Beeing Surprised

Vivian Yess Wadlin with Dena Paige, Beekeeper and owner of Mid Hudson Hives

While researching for an unrelated About Town article, I came upon an interesting 1908 New York Times story recounting the costs and causes[1] of forest fires in New York State. Among a variety of fire-causing culprits were the honey bee hunters. In their effort to subdue honey bee colonies and pillage the honey, the hunters used smoke to calm the bees and keep them from attacking. Where there’s smoke, there’s…fire!

I recall my father’s story of the local bee hunter taking him as a teenager on a “hunt.” The bee man had a cigar box filled with flour. He would catch a foraging honey bee, put her in the box and gently coat her in white. Releasing her, he would follow her back to the colony and light his smoker. Smoking bees is not always a success, and, according to my father, this expedition was a stinging failure. The colony was high in a tree and the hunter felled the tree to reach the prize. My father instantly decided against bee hunting as his life’s work.

Though honey bees get the queen’s share of press for their feats of prowess in the pollination department, they are more often featured today because of “Colony Collapse Disorder” (CCD). On her Facebook page in late November 2015, beekeeper Dena Paige wrote,  “Yesterday afternoon we did our final winterizing for the hives. Our method includes reducing entrances to a 1/2 inch, putting screen over that to keep out mice and putting an extra box on top filled with cedar shavings. This creates a warm air buffer above the girls so moisture does not condense when it hits the cold roof. It has worked for us, so we will continue. Got stung a few times just for good measure. Everything was looking good, normal.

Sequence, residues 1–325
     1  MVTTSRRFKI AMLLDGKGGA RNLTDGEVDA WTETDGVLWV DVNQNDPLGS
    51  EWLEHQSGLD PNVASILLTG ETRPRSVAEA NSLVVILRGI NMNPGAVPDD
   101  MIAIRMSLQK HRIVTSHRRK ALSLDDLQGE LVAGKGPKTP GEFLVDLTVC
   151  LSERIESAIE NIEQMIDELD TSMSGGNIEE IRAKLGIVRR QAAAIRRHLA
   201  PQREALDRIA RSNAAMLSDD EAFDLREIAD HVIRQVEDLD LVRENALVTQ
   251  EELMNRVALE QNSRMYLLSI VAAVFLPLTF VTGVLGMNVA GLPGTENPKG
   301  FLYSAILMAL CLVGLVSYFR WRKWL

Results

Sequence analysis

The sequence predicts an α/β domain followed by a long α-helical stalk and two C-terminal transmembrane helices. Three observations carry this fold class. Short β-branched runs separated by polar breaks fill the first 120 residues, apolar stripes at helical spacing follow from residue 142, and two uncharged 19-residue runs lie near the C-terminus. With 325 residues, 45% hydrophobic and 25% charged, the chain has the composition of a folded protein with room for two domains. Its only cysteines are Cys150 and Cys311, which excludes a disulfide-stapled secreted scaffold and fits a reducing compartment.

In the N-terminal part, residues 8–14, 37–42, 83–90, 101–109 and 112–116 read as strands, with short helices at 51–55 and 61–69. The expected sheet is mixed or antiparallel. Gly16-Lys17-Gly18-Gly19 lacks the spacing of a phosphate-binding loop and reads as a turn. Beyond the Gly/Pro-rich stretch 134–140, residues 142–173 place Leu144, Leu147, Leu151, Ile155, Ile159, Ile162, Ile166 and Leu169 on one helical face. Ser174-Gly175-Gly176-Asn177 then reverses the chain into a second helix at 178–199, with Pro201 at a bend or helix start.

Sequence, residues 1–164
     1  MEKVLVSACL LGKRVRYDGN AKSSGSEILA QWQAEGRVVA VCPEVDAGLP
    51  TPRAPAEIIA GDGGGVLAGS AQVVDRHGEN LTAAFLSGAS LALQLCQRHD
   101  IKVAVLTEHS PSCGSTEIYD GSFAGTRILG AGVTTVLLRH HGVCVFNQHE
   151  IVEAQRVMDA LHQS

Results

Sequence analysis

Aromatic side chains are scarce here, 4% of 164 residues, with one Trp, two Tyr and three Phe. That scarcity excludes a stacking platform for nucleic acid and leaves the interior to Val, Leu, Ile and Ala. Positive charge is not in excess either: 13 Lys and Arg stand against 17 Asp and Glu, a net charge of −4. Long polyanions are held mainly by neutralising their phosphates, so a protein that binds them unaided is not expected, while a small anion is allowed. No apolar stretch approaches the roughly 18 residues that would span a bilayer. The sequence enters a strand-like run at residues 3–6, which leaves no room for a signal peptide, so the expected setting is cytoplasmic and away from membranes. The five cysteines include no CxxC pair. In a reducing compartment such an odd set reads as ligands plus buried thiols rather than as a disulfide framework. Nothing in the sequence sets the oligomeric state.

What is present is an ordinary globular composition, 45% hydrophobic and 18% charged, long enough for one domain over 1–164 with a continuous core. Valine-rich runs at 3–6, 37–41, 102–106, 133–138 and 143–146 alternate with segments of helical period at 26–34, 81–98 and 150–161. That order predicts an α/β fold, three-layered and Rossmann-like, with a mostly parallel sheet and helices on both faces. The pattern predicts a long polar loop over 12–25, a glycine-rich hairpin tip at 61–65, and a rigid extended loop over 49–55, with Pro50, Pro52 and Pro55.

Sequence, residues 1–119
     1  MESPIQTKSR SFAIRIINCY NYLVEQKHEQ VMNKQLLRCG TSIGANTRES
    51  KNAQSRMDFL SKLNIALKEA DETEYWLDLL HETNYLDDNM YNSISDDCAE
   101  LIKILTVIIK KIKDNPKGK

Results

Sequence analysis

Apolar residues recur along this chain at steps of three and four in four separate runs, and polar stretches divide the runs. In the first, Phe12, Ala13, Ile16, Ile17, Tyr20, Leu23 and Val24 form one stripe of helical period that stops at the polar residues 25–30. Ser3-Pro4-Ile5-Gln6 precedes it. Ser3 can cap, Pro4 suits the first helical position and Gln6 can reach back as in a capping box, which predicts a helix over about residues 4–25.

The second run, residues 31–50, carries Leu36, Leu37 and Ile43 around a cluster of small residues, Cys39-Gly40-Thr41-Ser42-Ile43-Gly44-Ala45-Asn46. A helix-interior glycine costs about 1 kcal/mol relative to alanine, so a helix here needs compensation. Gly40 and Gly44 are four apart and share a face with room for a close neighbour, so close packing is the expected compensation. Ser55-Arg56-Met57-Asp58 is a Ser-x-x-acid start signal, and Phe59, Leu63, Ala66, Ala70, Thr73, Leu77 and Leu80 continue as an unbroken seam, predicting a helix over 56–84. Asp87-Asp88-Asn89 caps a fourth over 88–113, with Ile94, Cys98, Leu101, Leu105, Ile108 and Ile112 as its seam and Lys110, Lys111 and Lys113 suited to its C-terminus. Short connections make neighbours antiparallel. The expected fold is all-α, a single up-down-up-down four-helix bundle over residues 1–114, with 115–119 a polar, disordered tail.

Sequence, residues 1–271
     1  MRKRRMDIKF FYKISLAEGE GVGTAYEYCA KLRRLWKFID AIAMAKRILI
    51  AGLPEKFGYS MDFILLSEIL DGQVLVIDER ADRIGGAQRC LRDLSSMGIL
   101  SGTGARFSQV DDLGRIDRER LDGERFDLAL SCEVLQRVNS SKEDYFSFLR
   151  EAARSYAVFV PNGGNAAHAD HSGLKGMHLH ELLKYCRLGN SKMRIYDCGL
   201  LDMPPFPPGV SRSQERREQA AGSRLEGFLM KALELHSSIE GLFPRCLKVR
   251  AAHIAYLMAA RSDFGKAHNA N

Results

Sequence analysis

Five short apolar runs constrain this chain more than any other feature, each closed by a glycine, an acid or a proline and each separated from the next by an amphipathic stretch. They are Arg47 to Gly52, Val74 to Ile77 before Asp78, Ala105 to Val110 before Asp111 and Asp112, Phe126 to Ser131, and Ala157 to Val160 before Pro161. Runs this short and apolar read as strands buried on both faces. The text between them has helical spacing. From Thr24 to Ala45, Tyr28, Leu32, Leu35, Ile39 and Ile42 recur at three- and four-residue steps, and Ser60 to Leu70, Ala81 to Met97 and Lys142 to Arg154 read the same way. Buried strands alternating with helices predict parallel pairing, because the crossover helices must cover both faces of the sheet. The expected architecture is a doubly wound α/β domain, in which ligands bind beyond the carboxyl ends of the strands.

However we had seen some robbing (by outsider bees) at one of the hives and I assumed it was just a weak hive. When we opened it up… Empty. About 10 bees—which we assume were robbers because they were up in the stores head down. Frozen. No queen. No workers. Just empty.

We can only assume we have been affected by colony collapse disorder. It felt like we lost a family member. I know it sounds silly, but we pour our heart and soul out for these little bugs and it is sad when we lose them. We feel like maybe we failed them. We now have 9 hives and we hope for the best this winter.

If you see our bees—send them home.”